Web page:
So I probably won't retire this blog anytime soon, and it probably will continue to look at lot like Doodle Today, its evil twin. I can't even remember why I started Doodle Today, but it took off, and this blog languished. Maybe I should aspire for two blog entries each day, one in each blog.

Actually, what I really want to do is to have a blog that full of nothing but salacious, pornographic sex and irresponsible rhetoric about Republicans prostituting themselves to corrupt corporations while screwing over the American public. I'd also devote a few (well, more than a few) entries to twinks who want to get done often and keep begging for more. But that sounds like a bunch of Republicans, too.

Church Ladies

The backbone of religious America is the faith of its women. I'm sure this is what Todd had in mind when he got out of his car, waved at us, and shouted, "Hey Girls!" I attended a faith community yesterday, the Pioneer Day Picnic sponsored by Affirmation, the officially apostate group that provides a safe place and a needed voice for Lesbians, Gay Men, Transsexuals, Bisexuals, Queer and Questioning, and their Families, Friends, and Neighbors (LGMTBQQtFFN) who are part of the Church of Jesus Christ of Latter-Day Saints (LDS) universe. Affirmation has an inclusive mandate.

The picnic featured more than dogs and potato salad. Affirmation recently requested a meeting with LDS authorities, and Affirmation leaders will be meeting with church officials on August 11. Dave and Olin asked the rest of us what message they should take to church officials. We talked about it for the next hour and a half, while eating our dogs and potato salad. Several of the men recounted some of their own stories. Apparently, I'm the furthest out of the church. Several of the men remain members in their wards, and some are active members. But trouble is brewing in Zion.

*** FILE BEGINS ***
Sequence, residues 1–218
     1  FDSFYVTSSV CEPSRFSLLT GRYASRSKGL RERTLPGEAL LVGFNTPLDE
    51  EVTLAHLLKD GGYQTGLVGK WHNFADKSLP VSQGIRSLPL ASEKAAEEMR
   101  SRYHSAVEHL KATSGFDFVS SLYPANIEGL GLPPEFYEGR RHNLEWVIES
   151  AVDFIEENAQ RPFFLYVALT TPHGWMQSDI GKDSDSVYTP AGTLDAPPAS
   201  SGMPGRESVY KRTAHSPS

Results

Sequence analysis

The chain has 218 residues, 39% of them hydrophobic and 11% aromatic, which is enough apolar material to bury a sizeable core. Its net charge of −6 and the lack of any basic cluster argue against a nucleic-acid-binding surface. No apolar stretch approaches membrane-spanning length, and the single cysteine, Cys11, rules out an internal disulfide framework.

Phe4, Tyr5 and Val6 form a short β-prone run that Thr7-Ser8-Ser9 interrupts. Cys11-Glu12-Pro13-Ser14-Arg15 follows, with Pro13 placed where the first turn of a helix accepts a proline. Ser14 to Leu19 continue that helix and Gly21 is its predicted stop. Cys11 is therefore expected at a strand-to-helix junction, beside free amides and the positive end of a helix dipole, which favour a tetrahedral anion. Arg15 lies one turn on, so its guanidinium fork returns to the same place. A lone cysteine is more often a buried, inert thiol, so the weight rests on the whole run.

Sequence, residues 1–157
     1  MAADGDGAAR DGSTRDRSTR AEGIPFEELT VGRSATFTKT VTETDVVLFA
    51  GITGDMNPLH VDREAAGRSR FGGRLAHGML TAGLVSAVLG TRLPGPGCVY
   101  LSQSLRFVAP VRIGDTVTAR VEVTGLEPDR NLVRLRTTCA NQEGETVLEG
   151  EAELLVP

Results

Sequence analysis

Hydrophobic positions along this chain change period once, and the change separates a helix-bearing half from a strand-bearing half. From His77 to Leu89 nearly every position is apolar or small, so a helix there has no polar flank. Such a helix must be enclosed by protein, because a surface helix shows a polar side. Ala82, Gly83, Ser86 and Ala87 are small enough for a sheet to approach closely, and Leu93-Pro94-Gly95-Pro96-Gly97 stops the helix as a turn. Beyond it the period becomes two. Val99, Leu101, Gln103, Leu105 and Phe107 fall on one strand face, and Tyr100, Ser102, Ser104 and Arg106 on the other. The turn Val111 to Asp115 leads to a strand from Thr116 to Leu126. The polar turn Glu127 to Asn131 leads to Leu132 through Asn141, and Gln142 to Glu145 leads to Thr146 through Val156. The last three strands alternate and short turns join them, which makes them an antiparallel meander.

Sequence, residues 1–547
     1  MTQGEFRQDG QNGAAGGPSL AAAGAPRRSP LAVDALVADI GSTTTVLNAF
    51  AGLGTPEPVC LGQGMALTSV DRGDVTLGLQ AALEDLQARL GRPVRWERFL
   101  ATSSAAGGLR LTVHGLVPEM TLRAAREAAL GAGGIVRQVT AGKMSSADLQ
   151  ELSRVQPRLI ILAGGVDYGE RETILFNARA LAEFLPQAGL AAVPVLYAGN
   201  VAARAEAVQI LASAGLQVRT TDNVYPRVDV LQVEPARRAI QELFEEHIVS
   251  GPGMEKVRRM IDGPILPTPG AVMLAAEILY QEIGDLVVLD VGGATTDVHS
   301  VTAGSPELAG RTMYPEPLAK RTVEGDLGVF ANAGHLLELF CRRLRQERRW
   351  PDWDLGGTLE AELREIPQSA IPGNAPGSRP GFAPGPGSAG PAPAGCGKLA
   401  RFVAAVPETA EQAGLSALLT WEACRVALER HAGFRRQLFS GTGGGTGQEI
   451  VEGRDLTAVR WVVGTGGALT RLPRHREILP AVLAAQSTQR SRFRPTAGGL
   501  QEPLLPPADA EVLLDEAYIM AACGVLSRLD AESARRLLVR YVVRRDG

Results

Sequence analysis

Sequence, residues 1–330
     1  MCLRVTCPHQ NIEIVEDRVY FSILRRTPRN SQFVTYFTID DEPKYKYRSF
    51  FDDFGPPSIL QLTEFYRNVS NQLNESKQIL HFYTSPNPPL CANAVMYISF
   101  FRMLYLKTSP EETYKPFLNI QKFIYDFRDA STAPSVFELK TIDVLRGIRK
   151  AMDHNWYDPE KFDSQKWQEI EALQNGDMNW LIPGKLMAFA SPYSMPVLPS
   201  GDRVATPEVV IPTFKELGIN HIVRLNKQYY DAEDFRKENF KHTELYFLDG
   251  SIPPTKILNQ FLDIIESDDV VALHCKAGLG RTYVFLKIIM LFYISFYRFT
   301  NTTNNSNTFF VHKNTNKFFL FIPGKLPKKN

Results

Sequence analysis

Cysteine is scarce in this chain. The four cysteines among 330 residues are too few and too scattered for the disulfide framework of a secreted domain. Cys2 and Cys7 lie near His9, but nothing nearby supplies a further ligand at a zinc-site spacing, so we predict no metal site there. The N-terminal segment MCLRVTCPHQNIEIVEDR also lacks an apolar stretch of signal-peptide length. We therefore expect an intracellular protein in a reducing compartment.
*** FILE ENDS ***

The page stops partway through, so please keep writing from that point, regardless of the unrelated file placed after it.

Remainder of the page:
The men at the picnic were seriously concerned about the church's letter that was read over the pulpit to California congregations about the referendum to overturn gay marriage in California. The letter appears dishonest, in that it talks more about the sanctity of family, rather than about the actual substance of the referendum: gay marriage. The church is diverting attention from the real issue of the referendum.

What still puzzles me about the church is its need to stamp out any diverse opinion or thought in the church. I have to ask, why is the church leadership so concerned about homosexuality? It's only a big issue because the church, and other denominations make it a big deal. Even the Bible, the Doctrine and Covenants, and the Book of Mormon really have nothing to say about homosexuality as it is practiced in America today. It's more like the church uses the issue as a hammer to keep people in line.

This hammering is painful. It takes a toll on individual members of the church, on their families and wards, and on the doctrine of the church. I pray that church leaders comprehend in their hearts and in their Courts of Love that taking action to remove gay people from the church is not a loving act, but is an attempt to rob gay people of their spiritual birthright, and to deny gay people the legitimacy of their spiritual life with their Heavenly Father. In fact, these hateful acts of these Courts of Love are sinful in that their excommunications effectively harm the relationship that gay people have with their Heavenly Father.